This paper is intended as a contribution to the process to conclude an agreement on the application of Principle 10 in the LAC region. It explores some good practice examples and demonstrates the mutual benefits arising from these approaches, including:

    preventing and resolving environmental conflict

    sharing of knowledge, including access to local and Indigenous knowledge

    increased effectiveness and sustainability of environmental policies

    The Declaration on the Application of Principle 10 of the Rio Declaration

    Principle 10 of the 1992 Rio Declaration on Environment and Development recognizes that environmental issues are best handled with the participation of all concerned citizens, setting out three core access rights relating to the environment:

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    Building Peace through Principle 10

    the right to access to information concerning the environment

    the right to participate in decision making concerning the environment

    the right to access to justice in matters concerning the environment

    These three access rights are essential for the promotion of sustainable development, democracy and a healthy environment. There are also important links between these rights and the prevention of destructive environmental conflict, including violence.

    Informed public participation facilitates greater consensus in the decision making process, mitigating the potential for conflict and increasing the likelihood of finding effective, long-lasting solutions.1 This

    1 Organisation of American States (OAS) (2001) Inter-American Strategy for the Pro-motion of Public Participation in Decision Making for Sustainable Development, OAS, Accessed March 2015, https://www.oas.org/dsd/PDF_files/ispenglish.pdf

    reduces the likelihood of destructive conflict and costly dispute resolution or legal procedures further down the line.

    Environmental conflicts are a key issue in the Latin American and Caribbean (LAC) region, with much focus on the tension between supporting development and the need to respect cultural, social and environmental values. Factors in environmental conflict include deforestation issues, protected area access and use, ownership of traditional lands and private sector projects. Stakeholders in these conflicts range from local communities and organisations to government officials, Indigenous communities and organisations and national and multi-national companies.2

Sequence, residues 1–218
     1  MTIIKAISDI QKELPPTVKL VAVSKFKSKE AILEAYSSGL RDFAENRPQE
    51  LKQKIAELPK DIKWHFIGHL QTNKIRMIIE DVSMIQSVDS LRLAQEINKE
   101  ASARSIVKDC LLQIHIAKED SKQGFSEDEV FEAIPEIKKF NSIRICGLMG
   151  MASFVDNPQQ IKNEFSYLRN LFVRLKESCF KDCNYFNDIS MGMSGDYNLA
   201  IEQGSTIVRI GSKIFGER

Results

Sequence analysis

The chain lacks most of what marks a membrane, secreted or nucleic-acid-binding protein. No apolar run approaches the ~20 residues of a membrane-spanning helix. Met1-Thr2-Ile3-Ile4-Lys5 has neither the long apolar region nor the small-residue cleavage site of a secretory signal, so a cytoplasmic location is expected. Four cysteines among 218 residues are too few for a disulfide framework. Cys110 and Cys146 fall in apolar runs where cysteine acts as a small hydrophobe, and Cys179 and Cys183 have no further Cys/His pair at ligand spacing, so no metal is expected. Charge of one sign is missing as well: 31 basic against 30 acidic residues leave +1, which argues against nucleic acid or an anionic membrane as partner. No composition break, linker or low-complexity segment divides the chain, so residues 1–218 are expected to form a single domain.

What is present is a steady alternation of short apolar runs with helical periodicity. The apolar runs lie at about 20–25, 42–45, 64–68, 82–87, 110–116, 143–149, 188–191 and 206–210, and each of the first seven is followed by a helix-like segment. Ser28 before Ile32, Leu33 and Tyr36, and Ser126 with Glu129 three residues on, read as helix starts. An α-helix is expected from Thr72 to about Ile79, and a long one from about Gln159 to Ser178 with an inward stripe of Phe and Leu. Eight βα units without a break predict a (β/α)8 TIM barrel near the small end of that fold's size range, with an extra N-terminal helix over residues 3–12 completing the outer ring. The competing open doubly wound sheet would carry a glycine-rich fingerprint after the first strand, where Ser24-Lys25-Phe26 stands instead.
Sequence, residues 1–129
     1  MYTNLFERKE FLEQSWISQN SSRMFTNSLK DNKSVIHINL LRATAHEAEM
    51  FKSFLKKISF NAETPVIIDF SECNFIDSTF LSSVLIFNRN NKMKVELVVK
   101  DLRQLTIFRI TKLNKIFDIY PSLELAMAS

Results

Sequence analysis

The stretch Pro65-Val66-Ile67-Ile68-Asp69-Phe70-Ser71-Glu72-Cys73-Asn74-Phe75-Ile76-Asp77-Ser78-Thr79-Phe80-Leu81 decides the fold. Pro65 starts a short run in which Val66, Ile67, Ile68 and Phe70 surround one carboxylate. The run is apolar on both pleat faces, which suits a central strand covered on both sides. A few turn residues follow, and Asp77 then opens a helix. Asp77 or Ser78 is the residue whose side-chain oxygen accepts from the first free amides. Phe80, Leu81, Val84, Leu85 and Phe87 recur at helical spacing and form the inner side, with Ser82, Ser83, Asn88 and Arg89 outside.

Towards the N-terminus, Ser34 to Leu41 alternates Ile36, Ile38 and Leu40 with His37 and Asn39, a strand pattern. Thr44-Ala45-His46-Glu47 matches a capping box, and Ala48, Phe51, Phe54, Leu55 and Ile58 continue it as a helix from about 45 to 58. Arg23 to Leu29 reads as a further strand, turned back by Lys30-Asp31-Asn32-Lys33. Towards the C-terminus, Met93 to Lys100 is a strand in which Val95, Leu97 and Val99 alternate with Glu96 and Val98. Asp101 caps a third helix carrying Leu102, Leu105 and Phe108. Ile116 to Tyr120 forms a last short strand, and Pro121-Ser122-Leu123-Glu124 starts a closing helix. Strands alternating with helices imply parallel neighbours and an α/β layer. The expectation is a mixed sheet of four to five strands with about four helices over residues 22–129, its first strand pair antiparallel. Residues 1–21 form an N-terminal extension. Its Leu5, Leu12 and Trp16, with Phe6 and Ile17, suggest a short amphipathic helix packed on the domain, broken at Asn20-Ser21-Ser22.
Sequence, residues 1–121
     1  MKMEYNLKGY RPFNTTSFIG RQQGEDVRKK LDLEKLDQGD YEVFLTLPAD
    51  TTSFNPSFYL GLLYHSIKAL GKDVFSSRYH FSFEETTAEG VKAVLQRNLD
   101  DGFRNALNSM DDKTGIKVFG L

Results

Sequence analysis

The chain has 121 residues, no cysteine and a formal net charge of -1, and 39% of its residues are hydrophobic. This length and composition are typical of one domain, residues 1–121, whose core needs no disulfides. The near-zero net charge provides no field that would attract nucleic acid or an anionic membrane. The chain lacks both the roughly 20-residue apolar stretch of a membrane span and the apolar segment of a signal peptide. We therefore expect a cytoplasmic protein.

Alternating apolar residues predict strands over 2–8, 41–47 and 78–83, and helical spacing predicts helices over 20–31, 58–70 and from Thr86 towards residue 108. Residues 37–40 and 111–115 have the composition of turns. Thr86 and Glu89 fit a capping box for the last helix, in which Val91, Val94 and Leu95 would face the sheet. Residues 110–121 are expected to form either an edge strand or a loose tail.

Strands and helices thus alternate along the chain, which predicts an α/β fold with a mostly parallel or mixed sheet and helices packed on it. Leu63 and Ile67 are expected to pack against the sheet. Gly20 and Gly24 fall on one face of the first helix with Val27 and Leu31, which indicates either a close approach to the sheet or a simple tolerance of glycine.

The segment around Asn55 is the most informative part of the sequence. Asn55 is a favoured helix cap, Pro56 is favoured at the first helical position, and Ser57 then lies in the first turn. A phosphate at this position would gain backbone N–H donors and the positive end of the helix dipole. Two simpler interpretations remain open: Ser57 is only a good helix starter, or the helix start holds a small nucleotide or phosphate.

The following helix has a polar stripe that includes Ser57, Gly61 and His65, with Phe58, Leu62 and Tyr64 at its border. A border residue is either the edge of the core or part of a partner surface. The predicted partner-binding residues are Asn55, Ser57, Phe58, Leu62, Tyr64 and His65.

The development of the strongest possible agreement for the application of Principle 10 will be a key tool for preventing such environmental

    2 Correa, H.D. and I. Rodrguez (2005) En-vironmental Crossroads in Latin America: Between Managing and Transforming Natu-ral Resource Conflicts, University for Peace, Accessed March 2015, http://www.upeace.org/cyc/libro/pdf/english/cap_I.pdf

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    Quaker United Nations Office, April 2015

    Destructive conflict around the environment

    Conflict in itself is not negative. It is an inevitable part of life and can function as a motor for change and development in society if handled constructively. Conflict becomes destructive when it leads to a breakdown of communication among groups, damaging social relations and exacerbating tensions that can lead to violence. Environmental matters, including natural resource management, can become the focus of such destructive conflict when preventive measures are not taken.

    Peacebuilding

    Peacebuilding is both the development of human and institutional capacity for resolving conflicts without violence, and the transformation of the conditions that generate destructive conflict. In this sense it is closely allied to preventing destructive conflict and is not only relevant to post-conflict settings.

    Capacity building

    Capacity building in the context of Principle 10 discussions is often focused on awareness-raising and education of the public and public bodies. However, in order for all stakeholders to become active partners in environmental management more is required, particularly in the area of skill development. Thus capacity building at community level the development of the skills and confidence needed to analyse situations and information, organize in an inclusive way, articulate knowledge and needs, and engage in dialogue to manage competing interests and conflict cooperatively.

    Box one: key terms

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    Building Peace through Principle 10

    conflict. The framework will play a central role in efforts to manage environmental conflict constructively and peacefully, helping to build a sustainable environment for all.

    This paper outlines the links between access rights and building peace, highlighting both that access rights can help to prevent environmental conflict, and that peacebuilding tools can enable groups to meaningfully exercise their access rights. Th